Tips For Blending Families

It is difficult for most families to develop happy and healthy relationships, which is why it is even harder when attempting to blend two families. It can take years and a lot of work for stepfamilies to establish working and comfortable relationships. The hardest years and generally the first few, as there are unique challenges to the couple in getting to know each other, while also trying to nurture the children’s relationships with each other and the stepparents as well. Here are some tips on blending families:


1) Focus on individual relationships

While the ultimate goal is to have one happy family unit, it can be helpful to take things slow and try to nurture individual relationships. Stepparents should take time aside for each stepchild to get to know them and develop a personal connection, away from the rest of the family. Even if it just one hour per week with each child, you will notice a difference. Let the child pick the activity and try to follow their lead, while showing them appreciation and respect. This creates the opportunity to find common interests and a relaxed environment for the child to show you who they really are. This will start the relationship on a stronger foundation.

While building relationships with your stepchildren, each parent should also spend special time with their biological child in the same fashion. This will remind your child how special they are to you, even throughout the household and family changes.


2) Support children in their transitions

Transitioning between two houses is not easy for kids and transition days can be hard on them. This is where most people find that big feelings come out and small things can set the child off. If they start to feel overwhelmed about something that is seemingly small - lean in, make eye contact, and listen to them. Allow them to cry and get their feelings out, which may help them have a more positive day. There could be a noticeable difference when you make room for children to let their feelings out. This may mean that you need extra time on transition days, in case they have big feelings that surface.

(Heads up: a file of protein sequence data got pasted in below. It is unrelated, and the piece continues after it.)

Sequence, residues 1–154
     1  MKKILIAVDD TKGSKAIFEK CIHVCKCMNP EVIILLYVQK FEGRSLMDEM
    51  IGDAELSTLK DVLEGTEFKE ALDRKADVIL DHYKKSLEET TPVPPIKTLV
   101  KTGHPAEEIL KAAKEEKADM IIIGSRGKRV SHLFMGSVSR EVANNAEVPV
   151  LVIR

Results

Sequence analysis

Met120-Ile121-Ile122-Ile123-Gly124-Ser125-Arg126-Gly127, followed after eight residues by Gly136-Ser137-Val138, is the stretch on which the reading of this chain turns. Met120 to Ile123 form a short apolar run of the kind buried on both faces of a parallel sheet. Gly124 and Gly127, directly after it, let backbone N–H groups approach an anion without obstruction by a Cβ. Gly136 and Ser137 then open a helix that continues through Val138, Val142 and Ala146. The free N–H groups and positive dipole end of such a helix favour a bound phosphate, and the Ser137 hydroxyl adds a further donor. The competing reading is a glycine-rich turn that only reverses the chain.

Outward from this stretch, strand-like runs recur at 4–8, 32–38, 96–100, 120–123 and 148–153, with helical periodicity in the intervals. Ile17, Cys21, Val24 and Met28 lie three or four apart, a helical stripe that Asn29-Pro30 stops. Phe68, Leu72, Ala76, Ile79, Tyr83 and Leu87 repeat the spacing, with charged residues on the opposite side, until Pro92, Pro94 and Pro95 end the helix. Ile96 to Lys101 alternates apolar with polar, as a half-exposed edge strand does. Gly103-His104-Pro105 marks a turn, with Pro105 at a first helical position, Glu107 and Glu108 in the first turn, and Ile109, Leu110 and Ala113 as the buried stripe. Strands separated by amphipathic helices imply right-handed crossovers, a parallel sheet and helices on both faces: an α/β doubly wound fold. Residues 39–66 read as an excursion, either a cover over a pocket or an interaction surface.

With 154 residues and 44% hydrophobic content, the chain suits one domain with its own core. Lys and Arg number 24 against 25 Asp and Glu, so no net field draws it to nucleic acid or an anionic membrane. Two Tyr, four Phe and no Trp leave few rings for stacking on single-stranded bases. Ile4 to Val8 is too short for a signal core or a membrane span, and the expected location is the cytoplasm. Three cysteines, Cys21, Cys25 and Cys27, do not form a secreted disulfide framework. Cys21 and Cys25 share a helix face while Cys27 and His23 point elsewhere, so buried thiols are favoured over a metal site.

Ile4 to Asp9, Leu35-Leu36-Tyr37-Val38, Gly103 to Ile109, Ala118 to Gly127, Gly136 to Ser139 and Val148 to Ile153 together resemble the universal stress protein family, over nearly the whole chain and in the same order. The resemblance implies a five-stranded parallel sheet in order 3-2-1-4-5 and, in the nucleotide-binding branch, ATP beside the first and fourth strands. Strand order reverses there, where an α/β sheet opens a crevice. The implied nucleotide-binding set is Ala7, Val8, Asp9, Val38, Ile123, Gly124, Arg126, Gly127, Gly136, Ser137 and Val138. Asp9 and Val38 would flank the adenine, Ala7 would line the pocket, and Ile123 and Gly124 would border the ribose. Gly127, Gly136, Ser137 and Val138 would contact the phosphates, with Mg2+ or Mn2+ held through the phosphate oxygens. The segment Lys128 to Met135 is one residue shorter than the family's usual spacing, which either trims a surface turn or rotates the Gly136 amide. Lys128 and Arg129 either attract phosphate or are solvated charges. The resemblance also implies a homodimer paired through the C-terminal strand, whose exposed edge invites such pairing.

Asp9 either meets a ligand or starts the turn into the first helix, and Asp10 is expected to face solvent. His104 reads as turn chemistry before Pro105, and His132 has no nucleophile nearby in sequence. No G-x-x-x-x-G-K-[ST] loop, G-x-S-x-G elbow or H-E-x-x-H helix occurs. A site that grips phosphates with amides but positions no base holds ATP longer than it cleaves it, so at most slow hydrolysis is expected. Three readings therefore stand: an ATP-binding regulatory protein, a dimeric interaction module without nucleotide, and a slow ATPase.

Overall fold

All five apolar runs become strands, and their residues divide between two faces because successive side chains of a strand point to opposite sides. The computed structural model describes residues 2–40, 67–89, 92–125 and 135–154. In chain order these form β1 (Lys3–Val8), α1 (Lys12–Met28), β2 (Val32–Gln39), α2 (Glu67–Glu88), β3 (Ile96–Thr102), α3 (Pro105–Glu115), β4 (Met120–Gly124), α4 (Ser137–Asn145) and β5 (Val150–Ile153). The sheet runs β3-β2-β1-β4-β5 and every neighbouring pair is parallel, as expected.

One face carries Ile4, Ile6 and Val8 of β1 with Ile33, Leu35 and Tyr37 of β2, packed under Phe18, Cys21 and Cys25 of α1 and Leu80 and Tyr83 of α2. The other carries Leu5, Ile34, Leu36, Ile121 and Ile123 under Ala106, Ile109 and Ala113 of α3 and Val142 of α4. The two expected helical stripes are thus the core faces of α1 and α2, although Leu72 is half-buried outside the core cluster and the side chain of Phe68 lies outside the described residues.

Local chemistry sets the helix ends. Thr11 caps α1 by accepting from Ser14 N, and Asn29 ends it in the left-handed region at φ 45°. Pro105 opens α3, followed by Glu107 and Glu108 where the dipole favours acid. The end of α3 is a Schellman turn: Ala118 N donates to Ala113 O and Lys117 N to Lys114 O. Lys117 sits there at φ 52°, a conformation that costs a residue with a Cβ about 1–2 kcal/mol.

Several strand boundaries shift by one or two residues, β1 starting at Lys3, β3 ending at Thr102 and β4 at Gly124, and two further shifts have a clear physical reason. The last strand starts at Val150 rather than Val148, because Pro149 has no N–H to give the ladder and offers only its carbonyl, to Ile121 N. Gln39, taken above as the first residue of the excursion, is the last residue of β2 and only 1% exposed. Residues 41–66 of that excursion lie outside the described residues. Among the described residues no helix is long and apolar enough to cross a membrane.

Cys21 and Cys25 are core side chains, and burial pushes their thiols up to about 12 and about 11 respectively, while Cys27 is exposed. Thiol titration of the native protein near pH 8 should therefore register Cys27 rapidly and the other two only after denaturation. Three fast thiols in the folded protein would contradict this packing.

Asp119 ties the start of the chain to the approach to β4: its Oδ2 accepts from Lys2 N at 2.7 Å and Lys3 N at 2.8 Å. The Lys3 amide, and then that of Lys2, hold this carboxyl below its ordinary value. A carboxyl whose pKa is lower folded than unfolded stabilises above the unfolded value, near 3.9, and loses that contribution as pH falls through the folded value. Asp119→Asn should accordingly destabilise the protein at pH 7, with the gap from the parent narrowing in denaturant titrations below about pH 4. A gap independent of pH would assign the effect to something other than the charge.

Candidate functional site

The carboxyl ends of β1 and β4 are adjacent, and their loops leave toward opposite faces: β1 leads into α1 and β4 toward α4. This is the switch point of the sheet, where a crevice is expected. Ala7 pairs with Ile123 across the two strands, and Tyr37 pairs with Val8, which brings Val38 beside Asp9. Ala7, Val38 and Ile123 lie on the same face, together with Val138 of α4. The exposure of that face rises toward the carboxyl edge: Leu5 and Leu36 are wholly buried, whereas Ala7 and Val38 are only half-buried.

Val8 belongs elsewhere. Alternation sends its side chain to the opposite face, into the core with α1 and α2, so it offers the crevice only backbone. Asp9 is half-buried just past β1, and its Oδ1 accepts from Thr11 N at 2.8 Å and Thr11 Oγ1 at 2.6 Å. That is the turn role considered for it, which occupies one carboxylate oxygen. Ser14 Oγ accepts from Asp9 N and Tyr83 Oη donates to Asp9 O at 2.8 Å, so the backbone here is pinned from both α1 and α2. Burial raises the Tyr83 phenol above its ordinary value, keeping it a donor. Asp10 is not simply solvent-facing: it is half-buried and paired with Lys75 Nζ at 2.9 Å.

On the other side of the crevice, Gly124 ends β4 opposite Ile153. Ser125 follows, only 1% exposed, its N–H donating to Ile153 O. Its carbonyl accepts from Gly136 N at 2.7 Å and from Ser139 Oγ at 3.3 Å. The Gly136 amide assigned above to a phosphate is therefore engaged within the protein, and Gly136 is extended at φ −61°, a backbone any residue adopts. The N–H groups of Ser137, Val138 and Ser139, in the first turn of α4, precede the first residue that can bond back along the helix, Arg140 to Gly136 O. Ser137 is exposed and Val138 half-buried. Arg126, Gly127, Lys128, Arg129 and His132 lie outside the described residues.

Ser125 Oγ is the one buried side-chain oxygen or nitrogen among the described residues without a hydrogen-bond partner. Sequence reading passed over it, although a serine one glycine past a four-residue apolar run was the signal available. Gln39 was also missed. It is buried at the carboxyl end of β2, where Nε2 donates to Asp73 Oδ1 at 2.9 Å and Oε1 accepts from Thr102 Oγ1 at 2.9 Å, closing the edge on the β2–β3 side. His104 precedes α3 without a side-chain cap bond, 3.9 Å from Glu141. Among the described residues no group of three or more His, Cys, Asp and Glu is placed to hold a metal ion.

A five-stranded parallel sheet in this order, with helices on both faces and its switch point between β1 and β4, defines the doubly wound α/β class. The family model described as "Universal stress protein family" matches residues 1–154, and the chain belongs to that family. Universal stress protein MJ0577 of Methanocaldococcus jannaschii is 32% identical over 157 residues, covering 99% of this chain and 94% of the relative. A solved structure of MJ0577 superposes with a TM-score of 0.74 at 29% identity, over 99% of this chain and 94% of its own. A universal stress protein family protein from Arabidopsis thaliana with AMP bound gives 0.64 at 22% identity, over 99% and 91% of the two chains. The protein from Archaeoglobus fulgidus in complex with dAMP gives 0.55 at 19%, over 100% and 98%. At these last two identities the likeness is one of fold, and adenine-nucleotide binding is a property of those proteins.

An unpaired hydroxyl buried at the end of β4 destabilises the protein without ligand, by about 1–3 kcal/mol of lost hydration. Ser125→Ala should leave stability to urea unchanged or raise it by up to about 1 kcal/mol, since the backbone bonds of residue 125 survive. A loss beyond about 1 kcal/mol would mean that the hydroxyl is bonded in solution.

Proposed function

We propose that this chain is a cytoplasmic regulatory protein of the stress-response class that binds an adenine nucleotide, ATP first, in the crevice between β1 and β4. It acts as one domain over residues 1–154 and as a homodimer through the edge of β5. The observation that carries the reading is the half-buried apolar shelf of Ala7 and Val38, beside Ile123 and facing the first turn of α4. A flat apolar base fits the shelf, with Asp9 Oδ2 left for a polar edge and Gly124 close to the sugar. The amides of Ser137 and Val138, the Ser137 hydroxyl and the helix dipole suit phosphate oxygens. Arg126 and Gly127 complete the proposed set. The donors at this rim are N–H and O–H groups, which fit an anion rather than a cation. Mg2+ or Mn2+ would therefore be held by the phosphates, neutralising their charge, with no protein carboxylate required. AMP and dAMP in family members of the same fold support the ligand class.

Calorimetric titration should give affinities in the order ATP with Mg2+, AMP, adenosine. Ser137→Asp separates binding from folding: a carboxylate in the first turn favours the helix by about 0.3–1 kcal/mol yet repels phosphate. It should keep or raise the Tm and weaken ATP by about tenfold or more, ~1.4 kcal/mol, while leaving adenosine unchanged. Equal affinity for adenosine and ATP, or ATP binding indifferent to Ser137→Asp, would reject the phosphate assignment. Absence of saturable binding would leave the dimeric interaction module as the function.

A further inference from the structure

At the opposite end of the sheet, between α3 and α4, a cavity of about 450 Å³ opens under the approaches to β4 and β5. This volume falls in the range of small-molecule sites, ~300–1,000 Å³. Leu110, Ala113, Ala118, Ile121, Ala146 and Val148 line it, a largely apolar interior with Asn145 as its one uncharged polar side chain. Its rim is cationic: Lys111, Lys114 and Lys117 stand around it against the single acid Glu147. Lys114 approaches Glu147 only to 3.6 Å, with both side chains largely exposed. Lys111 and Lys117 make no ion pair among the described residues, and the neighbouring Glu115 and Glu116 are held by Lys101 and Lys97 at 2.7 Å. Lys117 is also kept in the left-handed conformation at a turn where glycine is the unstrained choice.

3) Find activities that unite stepchildren and stepparents

Look for activities to do together as a family that everyone is happy to participate in. If you know that one child does not like action movies, try to pick a movie that everyone will enjoy. The more interactive the activity, the better. This gives everyone the chance to be involved. It also shows the child that they can have fun with everyone together. This sends children the message that everyone is a unit together. Try to make a habit of planning something together at least once per month and plan it ahead of time to give the children something to look forward to.


4) Always speak of other parents with respect

This can be difficult if you do not have a positive or healthy relationship with your child’s other parent. In the heat of the moment of frustration or anger towards this person, you may want to lash out. It is best if you are able to keep the negative comments away from your children, as they want their parents to be respected (even if there is a lot of conflict). This will prevent them from being in the middle of adult conflict, which ultimately will add stress for them. Even if you are not able to get along with their other parent, you should aim to be respectful towards them in front of your child.


5) Find an outlet

No matter how dedicated you are to blending a family, it can be exhausting and overwhelming. Allow yourself to feel your emotions and give yourself a positive outlet. This can include spending time with friends or engaging in an activity alone. Find something that helps you blow off steam and focus on yourself for a period of time. This will help you stay focused on your relationships because you’re taking the appropriate time to care for your own needs. You can even go to a meet-up or support group for others in your position.


6) Work with a therapist

Going to therapy on your own or as a family can help you sort out your new household roles, learn to set parental boundaries, and discuss finances. Therapy can provide a platform for family members to voice their feelings and allow everyone to be heard. If you involve your children in therapy, they can have a safe outlet to express their fears and concerns. This can help them to better understand their place in the new family unit. Therapy can also help you learn how to build new and loving bonds with your partner and stepchildren.

To work with a therapist who specializes in blending families, click here.